There are many forms of learning but one of the most effective is the visual form. When people get to view what you’re teaching them, it makes your work easier. National Geographic provides educational videos for free on subjects ranging from Adventure to Travel.
You can watch National Geographic Educational Videos in two ways: Through their main video page and a new service (still in beta at the time of publishing) called Nat Geo TV. To watch full-length videos at Nat Geo TV, you’ll need to have a cable TV account and your cable TV provider has to participate in this service. It might turn out great for lots of people, but we’re going to focus on National Geographic’s main video page because it’s free and accessible to anyone.
http://www.nationalgeographic.org › education › class.
https://techcrunch.com › 2020/04/06 › national-geographic
Today, National Geographic is responding to that need with the launch of … you’ll find educational content like articles, lessons, videos
https://www.commonsense.org › education › website
https://en.wikipedia.org › wiki › National_Geographic_...
https://www.natgeokids.com › …
Find amazing facts about animals, science, history, and geography, along with fun competitions, games, and more. Visit National Geographic Kids today!
https://www.amazon.com › National-Geographic-Videos
National Geographic Video – Inside the Pentagon … Only 5 left in stock – order soon. More Buying Choices $1.50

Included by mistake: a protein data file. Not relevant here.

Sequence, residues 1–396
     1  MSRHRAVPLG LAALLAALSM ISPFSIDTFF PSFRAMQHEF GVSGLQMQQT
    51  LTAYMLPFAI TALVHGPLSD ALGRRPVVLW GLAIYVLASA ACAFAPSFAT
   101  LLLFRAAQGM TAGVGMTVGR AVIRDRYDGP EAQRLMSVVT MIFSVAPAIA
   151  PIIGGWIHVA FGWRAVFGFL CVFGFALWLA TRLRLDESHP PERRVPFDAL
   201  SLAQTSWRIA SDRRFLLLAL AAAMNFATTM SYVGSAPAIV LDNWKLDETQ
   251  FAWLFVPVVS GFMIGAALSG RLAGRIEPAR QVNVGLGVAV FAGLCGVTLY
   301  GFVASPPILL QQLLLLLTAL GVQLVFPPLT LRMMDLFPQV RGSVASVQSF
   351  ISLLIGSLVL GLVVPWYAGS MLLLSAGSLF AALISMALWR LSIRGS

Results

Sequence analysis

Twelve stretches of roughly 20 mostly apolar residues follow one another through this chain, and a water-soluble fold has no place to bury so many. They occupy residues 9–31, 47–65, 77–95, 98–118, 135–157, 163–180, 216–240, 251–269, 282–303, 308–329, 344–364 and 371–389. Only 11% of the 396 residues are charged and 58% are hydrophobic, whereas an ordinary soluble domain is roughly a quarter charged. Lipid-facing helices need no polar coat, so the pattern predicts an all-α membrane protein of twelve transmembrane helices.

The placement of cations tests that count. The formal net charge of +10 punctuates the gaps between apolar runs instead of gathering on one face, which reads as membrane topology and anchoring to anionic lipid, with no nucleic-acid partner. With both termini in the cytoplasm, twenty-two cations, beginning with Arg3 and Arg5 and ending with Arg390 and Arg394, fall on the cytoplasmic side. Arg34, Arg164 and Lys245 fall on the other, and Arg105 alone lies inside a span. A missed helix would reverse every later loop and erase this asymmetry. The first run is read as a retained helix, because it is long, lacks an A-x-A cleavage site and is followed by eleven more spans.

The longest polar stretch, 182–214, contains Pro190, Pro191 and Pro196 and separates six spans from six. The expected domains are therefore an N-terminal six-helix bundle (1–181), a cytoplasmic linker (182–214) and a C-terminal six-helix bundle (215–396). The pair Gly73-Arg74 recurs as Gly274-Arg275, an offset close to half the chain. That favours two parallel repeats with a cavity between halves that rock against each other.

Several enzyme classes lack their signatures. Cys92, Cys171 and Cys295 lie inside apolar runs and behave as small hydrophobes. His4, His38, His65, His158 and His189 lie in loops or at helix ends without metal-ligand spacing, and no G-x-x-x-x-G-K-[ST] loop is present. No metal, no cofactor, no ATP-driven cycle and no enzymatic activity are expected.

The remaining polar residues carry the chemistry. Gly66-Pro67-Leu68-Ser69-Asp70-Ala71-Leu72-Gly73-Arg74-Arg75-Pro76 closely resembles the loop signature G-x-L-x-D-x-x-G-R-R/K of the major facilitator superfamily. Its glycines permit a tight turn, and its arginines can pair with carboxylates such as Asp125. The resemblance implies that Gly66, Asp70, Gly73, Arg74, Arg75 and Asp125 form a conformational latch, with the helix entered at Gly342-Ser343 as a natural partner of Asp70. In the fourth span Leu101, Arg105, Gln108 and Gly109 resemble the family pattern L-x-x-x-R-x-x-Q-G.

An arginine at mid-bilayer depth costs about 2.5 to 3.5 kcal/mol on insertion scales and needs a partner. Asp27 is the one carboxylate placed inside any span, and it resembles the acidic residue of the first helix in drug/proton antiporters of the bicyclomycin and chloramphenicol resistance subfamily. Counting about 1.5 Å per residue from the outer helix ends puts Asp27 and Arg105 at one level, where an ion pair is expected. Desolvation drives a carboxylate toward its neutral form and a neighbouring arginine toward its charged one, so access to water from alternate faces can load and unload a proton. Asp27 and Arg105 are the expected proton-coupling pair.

The main video page offers hundreds of free videos that can play on full screen and are ad-free. The videos range in length from less than a minute to almost 10 minutes. There are several ways to sort the videos from the main page. You can sort the most popular, see the editor’s picks, or see what is newest. You can also sort via topic.
The topics covered are Adventure, Animals, Environment, History & Civilization, People & Culture, Photography, Science & Space.
Each section also has subsections so you can further narrow down what you’d like to see. For example, under Science & Space, you’ll find Anthropology, Earth, Health and Human Body, Prehistoric World, Space, and Weird Science. Each subsection is also sortable by most popular and newest. Of course, you can search via the site’s search box, too.
One thing that is lacking is a way to queue up several videos so that one could watch several videos in a row of their choice.
Note: While some of their videos required Flash to play, others played just fine without Flash. For the best experience, it’s recommended to use a Flash-enabled device.